That tangy, slightly spicy white sauce that often accompanies Baja style fish tacos is usually made with sour cream, mayonnaise, and lime juice. Some variations have more ingredients, often including things like cumin, cilantro, or hot sauce. This recipe is the basic idea, but you should feel free to improvise with whatever you have on hand. The roasted jalapeno adds some smoky depth and gives the sauce a pleasant pale green hue. If you don't want to go to the trouble of preparing the pepper, any prepared hot sauce makes a good substitute. Use a teaspoon at a time until you reach your desired level of spiciness.
This sauce is delightful on all kinds of other things besides fish tacos. Try it on shrimp tacos, all kinds of enchiladas, burgers, sandwiches, or as a dip for fish sticks, calamari, onion rings, or jalapeno poppers. Pretty much anything fried or sandwich-like will taste good with this sauce.
The sauce couldn't be easier to make. The hardest part is roasting and processing the pepper. Be careful when handling hot peppers—we've all had the experience of handling hot peppers and then touching our eyes or face. Ouch!
- 1 small jalapeno pepper
- 1/3 cup sour cream (or Mexican crema)
- 1/2 cup mayonnaise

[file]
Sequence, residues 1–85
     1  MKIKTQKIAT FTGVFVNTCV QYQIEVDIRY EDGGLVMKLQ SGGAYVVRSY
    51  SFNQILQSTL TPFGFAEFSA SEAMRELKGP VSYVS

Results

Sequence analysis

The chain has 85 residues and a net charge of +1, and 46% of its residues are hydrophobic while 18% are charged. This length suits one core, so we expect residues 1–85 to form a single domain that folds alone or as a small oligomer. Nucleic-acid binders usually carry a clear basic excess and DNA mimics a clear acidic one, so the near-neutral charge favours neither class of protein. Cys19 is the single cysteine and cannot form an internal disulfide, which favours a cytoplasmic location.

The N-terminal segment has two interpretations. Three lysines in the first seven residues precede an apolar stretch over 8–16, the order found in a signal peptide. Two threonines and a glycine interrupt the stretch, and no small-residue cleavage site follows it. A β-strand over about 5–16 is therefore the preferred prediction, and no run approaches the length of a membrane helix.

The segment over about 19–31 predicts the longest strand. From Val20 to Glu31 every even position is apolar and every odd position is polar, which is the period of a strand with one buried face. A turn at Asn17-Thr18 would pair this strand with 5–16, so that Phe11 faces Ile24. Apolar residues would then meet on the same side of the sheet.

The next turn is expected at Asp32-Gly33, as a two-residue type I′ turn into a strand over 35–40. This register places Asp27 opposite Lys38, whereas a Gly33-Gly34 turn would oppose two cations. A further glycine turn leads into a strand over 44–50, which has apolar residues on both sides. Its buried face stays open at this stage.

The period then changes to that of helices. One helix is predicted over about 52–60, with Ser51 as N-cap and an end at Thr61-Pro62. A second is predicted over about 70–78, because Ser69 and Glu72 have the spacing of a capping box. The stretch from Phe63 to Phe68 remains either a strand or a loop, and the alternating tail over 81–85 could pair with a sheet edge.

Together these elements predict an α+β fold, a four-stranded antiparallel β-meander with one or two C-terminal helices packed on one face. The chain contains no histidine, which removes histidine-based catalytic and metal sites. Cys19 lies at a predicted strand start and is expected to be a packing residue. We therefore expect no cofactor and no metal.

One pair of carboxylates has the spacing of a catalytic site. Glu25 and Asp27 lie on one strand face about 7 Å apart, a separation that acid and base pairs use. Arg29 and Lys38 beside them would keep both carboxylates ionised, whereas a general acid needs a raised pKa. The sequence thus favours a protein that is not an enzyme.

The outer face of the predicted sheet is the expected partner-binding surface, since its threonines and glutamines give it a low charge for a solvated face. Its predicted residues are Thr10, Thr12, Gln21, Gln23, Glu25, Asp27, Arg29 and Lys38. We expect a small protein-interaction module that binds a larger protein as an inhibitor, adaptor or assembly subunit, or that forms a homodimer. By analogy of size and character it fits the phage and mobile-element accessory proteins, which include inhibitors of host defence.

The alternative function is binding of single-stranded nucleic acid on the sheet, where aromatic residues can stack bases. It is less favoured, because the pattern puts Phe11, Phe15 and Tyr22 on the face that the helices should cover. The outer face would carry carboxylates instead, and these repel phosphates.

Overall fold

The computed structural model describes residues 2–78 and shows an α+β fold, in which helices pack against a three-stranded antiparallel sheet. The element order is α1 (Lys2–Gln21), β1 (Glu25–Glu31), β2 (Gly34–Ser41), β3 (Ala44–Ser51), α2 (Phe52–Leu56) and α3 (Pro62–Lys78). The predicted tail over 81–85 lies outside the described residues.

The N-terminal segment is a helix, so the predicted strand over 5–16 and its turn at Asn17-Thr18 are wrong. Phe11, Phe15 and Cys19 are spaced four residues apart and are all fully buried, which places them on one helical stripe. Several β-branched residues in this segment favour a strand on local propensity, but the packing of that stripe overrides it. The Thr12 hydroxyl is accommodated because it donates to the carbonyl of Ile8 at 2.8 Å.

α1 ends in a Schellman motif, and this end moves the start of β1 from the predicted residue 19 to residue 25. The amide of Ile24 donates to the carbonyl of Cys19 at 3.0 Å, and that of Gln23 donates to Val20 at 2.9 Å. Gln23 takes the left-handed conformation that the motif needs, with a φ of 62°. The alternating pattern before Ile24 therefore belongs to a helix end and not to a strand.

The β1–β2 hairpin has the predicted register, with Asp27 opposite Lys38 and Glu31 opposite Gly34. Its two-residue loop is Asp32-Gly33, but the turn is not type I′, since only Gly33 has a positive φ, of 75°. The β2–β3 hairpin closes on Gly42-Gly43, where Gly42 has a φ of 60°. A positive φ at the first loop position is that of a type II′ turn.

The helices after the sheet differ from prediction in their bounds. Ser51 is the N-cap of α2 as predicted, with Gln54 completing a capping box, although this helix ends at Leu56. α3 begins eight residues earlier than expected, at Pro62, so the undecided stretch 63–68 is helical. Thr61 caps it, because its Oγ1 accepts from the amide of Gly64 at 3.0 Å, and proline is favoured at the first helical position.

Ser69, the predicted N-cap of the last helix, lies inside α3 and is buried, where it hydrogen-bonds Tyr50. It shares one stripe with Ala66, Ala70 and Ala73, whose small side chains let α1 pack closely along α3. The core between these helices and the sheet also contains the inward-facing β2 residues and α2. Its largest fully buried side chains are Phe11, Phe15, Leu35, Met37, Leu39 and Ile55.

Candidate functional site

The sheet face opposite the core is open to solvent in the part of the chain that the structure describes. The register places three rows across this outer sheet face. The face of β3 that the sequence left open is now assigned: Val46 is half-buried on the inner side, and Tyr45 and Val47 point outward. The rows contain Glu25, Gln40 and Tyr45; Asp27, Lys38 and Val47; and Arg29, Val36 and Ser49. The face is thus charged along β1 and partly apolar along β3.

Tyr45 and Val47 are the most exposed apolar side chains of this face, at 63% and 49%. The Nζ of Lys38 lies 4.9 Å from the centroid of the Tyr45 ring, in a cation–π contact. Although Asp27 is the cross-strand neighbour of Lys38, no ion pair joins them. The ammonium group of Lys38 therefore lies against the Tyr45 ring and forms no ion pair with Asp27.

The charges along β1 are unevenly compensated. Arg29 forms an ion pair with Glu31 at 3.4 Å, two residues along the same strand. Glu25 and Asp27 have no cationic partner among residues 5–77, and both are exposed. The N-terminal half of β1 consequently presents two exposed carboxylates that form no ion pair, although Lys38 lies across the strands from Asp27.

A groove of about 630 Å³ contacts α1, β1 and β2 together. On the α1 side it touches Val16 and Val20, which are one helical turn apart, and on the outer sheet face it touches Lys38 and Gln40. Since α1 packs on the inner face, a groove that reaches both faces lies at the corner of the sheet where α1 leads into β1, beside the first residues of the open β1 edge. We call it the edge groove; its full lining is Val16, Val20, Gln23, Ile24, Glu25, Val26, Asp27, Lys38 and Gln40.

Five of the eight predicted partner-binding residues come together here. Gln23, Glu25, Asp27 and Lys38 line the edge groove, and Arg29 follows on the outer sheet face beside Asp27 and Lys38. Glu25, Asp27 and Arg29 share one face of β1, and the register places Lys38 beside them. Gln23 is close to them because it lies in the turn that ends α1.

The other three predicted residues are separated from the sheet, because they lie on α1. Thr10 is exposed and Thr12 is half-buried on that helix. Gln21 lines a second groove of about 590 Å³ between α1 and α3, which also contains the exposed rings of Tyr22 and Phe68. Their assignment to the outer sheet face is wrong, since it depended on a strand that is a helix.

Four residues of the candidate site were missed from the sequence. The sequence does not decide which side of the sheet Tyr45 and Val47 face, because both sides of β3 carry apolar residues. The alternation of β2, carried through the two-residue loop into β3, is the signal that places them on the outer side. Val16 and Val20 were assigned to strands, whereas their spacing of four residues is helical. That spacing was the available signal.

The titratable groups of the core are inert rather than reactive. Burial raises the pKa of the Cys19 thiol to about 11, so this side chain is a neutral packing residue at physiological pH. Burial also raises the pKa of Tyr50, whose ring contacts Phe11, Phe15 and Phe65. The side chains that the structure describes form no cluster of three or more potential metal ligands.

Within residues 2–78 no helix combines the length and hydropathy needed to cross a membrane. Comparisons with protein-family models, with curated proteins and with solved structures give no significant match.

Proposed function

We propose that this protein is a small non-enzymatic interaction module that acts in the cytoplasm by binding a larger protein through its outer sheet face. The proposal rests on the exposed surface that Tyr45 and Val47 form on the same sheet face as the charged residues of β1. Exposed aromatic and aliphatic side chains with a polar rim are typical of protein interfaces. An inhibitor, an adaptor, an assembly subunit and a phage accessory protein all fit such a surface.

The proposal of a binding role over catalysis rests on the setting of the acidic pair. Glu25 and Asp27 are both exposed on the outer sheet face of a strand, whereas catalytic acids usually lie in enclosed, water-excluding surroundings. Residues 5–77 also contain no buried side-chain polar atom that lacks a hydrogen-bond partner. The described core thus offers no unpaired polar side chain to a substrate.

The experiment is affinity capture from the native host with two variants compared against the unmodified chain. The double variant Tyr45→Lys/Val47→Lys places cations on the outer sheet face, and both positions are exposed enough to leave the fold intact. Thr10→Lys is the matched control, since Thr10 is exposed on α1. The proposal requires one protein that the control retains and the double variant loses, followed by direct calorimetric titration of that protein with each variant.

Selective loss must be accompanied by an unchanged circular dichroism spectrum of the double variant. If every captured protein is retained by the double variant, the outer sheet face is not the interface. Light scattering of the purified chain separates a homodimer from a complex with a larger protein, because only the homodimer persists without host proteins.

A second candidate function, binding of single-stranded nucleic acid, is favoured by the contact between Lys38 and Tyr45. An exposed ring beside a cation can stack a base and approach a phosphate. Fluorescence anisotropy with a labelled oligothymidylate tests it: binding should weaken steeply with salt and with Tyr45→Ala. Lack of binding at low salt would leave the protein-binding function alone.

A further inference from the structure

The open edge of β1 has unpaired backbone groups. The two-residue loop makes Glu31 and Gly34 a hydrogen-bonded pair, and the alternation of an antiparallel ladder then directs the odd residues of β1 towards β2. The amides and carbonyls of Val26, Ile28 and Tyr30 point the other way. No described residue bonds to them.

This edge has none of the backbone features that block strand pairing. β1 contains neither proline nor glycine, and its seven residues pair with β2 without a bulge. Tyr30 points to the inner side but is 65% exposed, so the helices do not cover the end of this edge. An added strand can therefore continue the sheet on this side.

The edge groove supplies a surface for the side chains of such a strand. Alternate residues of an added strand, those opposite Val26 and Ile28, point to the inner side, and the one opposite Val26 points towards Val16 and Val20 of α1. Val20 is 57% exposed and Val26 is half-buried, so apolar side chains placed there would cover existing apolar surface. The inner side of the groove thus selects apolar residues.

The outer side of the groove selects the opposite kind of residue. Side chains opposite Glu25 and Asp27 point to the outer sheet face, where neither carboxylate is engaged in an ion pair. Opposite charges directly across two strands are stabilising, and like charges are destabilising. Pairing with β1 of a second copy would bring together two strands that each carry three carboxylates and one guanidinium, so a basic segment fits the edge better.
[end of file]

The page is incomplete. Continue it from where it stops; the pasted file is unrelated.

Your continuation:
- 1/4 teaspoon garlic powder
- 1 lime, juiced
- 1/4 teaspoon salt
Gather the ingredients.
Roast the jalapeno pepper over an open flame or under the broiler until the pepper has softened and the skin is charred and blistered all over. Remove to a cutting board. Remove the stem and blistered skin. Cut the pepper in half and remove the seeds and membrane.
Add the roasted jalapeno and all remaining ingredients to the bowl of a food processor or blender and process until smooth. Remove to a covered container or squeeze bottle and chill before using.
- The easiest way to roast a jalapeno pepper is to use a long pair of tongs to hold the pepper over the open flame of a gas stove. If you don't have a gas stove, you can pan roast the pepper or char it under an electric broiler. You can use a toaster oven for this, too, which makes a little more sense than firing up the big oven when you're only roasting one little pepper. Turn the pepper as it roasts so that it chars on all sides, and let the flesh get nice and soft so that it purees into the sauce.
- Putting the pepper into a bag or other covered container for a few minutes after roasting will loosen the skin and make it easier to remove. When handling the skin, seeds, and membranes, use gloves or take care to wash your hands thoroughly before moving on.
- Store in the refrigerator for up to a month.